Dream On! Lucid Dreaming Improves Self Awareness and Metacognition


By Christina Lavers

Contributing Writer for Wake Up World

Dreams, a series of images, emotions and sensations that flow from the unconscious during sleep, belong to the mysterious, unquantifiable side of life. We all experience them, yet for many they are quickly forgotten or disregarded. However, for those who bother to pay attention to dreams they can be potent tools of self-discovery that not only help us to understand ourselves at deeper levels, but also allow us to play and explore in a way that is not possible in normal waking experience.

Usually when we dream we are not aware that what we are experiencing is occurring in our mind’s eye. Though the content can be illogical, confusing and downright strange, most of us generally just float along through the experience, often recognising that the events we are witnessing are bizarre, but not arriving at the level of awareness where we understand that we are immersed in a dream. However, as more people are discovering, it is possible to become conscious that we are dreaming; this is the phenomenon known as lucid dreaming.

In a lucid dream we are self-aware, and our ability to control dream events is enhanced so that the dreamscape becomes our personal playground. With practice we can become fully active rather than passive dreamers. There are ultimately no limits to what we can do in the dream world. We can choose to soar through the galaxy, have a conversation with Plato, attempt dangerous feats, or indulge in a naughty fantasy without worrying about limitations or consequences.

“The lucid dream, located as it is at a crossroads between worlds and states of consciousness, places the magician in a unique position to influence the delicate balance of consciousness and the interplay it has on matter in the waking state, and is thus an opportunity to test one’s ability in the art of adjusting the mutable fabric of Maya.” ~ Zeena Schreck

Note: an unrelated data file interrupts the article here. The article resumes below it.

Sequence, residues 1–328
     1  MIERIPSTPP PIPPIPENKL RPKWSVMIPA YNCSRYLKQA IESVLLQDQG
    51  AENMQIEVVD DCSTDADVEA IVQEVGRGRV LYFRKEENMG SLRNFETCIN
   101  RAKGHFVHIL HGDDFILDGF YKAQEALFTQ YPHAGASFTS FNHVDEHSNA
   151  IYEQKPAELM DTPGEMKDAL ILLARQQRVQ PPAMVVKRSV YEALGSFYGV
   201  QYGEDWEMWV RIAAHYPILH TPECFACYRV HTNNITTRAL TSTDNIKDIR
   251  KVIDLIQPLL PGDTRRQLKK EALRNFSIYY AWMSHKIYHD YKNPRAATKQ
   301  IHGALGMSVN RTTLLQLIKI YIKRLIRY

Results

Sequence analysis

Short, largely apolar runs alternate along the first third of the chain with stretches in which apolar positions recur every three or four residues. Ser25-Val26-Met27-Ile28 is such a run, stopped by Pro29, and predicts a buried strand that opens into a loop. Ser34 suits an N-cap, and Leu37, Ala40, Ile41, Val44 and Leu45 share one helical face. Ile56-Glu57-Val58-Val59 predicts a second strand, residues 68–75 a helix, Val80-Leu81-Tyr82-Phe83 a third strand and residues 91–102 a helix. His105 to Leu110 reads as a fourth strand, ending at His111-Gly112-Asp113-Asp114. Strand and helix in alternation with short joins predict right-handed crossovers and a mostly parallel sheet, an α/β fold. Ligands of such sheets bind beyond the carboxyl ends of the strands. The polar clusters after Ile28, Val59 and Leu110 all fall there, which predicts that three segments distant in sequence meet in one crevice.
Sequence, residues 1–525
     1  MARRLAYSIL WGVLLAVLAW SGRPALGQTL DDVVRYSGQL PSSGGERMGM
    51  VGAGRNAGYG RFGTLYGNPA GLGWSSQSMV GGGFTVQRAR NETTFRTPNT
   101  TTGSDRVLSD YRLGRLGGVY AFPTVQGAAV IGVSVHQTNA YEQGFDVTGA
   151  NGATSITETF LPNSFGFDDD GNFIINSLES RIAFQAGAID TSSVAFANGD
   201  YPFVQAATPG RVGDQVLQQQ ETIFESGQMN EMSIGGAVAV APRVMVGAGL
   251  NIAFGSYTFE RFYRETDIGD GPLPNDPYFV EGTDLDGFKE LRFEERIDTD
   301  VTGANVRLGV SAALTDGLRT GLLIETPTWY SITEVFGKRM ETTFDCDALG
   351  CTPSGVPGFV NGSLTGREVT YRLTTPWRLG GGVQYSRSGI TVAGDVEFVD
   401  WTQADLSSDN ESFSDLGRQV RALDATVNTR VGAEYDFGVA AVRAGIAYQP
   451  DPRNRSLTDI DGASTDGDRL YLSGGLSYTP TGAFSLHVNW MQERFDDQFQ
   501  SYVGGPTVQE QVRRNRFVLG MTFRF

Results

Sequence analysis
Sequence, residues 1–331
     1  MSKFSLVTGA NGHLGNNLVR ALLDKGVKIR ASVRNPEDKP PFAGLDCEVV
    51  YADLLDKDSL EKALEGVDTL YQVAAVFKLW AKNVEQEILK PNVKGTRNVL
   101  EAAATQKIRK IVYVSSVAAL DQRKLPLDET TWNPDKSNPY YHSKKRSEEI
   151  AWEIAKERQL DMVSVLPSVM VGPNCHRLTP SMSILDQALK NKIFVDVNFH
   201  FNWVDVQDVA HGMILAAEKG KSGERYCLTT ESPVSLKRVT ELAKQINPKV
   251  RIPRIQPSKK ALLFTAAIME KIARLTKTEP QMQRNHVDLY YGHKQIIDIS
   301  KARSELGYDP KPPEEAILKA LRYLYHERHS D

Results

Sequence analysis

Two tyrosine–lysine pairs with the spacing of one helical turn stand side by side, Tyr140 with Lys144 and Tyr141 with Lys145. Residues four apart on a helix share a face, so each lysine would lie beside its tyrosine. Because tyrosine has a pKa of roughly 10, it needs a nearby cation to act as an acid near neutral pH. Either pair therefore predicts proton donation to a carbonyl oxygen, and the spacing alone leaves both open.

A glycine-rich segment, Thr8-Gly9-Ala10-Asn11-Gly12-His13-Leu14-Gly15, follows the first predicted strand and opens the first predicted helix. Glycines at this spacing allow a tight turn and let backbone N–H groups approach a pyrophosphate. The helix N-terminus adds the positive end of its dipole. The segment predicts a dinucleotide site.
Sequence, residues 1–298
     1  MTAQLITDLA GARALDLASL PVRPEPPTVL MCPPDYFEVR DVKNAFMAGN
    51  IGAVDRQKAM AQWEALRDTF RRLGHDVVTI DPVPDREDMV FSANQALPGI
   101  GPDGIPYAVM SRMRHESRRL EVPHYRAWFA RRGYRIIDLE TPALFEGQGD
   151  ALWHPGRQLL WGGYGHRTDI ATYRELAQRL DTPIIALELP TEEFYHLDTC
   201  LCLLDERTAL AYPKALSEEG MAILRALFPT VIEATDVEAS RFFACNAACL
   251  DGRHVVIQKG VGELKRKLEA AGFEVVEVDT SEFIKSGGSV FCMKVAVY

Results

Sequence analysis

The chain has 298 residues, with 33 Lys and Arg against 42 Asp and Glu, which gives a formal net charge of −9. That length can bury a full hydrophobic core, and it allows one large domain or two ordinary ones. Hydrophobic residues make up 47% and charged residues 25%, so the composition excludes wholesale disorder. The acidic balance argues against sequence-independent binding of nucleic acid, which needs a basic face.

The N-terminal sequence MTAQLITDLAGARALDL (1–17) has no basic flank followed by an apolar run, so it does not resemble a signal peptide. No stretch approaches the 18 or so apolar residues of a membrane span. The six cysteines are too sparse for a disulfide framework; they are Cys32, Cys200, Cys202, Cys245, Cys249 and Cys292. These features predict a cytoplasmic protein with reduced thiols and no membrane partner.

My first lucid dream was an experience I will never forget. It began as a normal dream, but as the narrative unfolded I suddenly became aware that I was dreaming. I decided to attempt actions that I could not do in real life. I started by doing a flip in the air, and was astonished by how real the experience felt. As I wondered what I should try next a man appeared next to me. “You should fly,” he said.  ‘Of course’, I thought and took off into the air. Conscious dream flying was more difficult than I anticipated. I coasted along, but found it challenging to stay more than a few feet above the ground. Just before I woke up I decided to do the splits. As I sat with my dream body stretched into a pose that was normally impossible for my physical body, I touched my dream-legs and marvelled at the fact that I knew that my ‘real’ body was curled up in bed.

Lucid Dreaming and the Mind

While it is difficult for science to observe the dream world to the same extent as it can the physical world, technology and brain mapping have made it possible to provide a degree of insight. A recent study conducted by researchers from the Max Planck Institute for Human Development in Berlin, and the Max Planck Institute of Psychiatry in Munich, compared brain structures of frequent lucid dreamers with participants who never, or only rarely had lucid dreams. The neuroscientists involved in the research discovered that the anterior prefrontal cortex, the brain area which enables self-reflection, was significantly larger in subjects who were capable of becoming lucid in their dreams. [1] Based on this finding the researchers postulated that lucid dreamers would likely be more self-reflecting when awake.

As part of the study the participants were asked to solve tests that related to self-reflection while awake. The researchers then took images of their brains during the process. Those images demonstrated that the brain activity in the prefrontal cortex was more prominent in those with the ability to dream lucidly. “Our results indicate that self-reflection in everyday life is more pronounced in persons who can easily control their dreams,” said Elisa Filevich, a researcher at Lifespan Psychology at the Max Planck Institute for Human Development. The difference in size of the anterior prefrontal cortex between lucid dreamers and non-lucid dreamers suggests that lucid dreaming and the capacity for self-reflection are closely linked.

Though the distinction between lucid dreamers and the general population was identified in this study, the researchers were not able to establish whether training subjects in lucid dreaming could help improve the capacity for self-reflection or vice versa. They hope to explore this in a follow-up study.